I’ve been an advocate for all animals most of my life, including farm animals and animals that were being abused in [the] entertainment [industry]. The reason I got involved in cat welfare was that I always assumed cats had it really good. Then I found a kitten outside, and from that point forward I started finding more of them outside. In that process I found that kittens are one of the most at risk and most misunderstood of animals. So it not about felines specifically; it’s about at-risk animals. 
People love cats, but there’s also a massive problem with way too many cats going into shelters and never coming out. Can you speak to the scope of the problem? 
Hundreds of thousands of cats die in shelters every year, and the No. 1 most vulnerable group is kittens under eight weeks old. The majority of those kittens are coming from the outside, meaning they’re born on the street. People are finding them and scooping them up, so they often come in without a mother. They’re being born in such high numbers, and then there’s the issue of our shelter system not having ample community support. That’s why I tell anyone looking for a cat, “Adopt, don’t shop.” 
You must meet many people who say, “I would love to foster but I just don’t have the time or space.” For people who truly want to help, what’s your counter to that argument? 
There are a lot of perceived obstacles, and the operative word is perceived. A good starting place is rather than saying what you can’t do, have curiosity about what you might be able to do. Kittens don’t take up very much space; it could be something as simple as a top-opening plastic tub or a little playpen; something like that can save lives. If there’s a mom cat in the mix, she’s going to be nursing her babies, so each of us has time to do what we can do. The most important thing is to approach rescue with an attitude of being curious about what you can do rather than being discouraged. It’s just about setting up your life in a way that can work.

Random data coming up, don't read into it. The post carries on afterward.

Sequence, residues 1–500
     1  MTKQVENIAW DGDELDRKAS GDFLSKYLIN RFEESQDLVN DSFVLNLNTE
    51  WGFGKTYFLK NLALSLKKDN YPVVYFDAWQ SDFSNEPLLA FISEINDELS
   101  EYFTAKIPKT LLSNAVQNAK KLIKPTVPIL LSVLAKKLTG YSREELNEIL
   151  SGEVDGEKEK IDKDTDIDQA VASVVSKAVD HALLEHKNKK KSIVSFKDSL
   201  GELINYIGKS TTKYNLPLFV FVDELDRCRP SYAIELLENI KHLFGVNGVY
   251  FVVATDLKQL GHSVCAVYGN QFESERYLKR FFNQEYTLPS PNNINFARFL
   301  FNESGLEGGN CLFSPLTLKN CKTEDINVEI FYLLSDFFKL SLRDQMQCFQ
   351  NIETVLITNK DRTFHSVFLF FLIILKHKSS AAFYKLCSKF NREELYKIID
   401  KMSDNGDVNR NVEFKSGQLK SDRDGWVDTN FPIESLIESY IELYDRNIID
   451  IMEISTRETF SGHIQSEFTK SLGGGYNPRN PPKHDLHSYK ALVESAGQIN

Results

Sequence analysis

I imagine that sometimes the last thing you want to talk about or think about is cats and kittens. What are your interests outside of all things feline? 
This is a lot of my life, and to me this is not remotely a job; it’s a passion project. When I’m not taking care of kittens, I spend time on education and working on my nonprofit; I don’t have a ton of time outside of that. I love traveling, because it’s a way to get a bit of distance from the work I do, although I somehow seem to find a cat or two even when I’m traveling. I try to plan a big trip at least once a year—a big international trip—where I can literally unplug in the jungle or be on an island. … It’s hugely revitalizing for me, and I do my best to get out there. 
Considering your success from the past few years, what’s next on your to-do list?
The Orphan Kitten Club has gotten very busy in just the last couple of months, and I’d like to offer more programs. I’m constantly traveling, so I’m looking at more events, conventions, and educational seminars. I also hope to do more writing and continually create more tools, because everyone learns differently. I have a children’s book coming out in October (Kitten Lady’s Big Book of Little Kittens) and I’m so excited about it. It’s very educational for kids, taking them on a journey from rescue to adoption. It’s something I’ve wanted to do for a long time. So many kids watch my videos, and I’m always amazed and happy with the response from young people. Kids believe in themselves more than we do as adults, and I’ve seen a lot of kids want to get involved and make this change. They have a great attitude: “I believe in myself, and I can make a difference.”
Photograph by Andrew Marttila
Published (and copyrighted) in Suburban Life magazine, September 2019.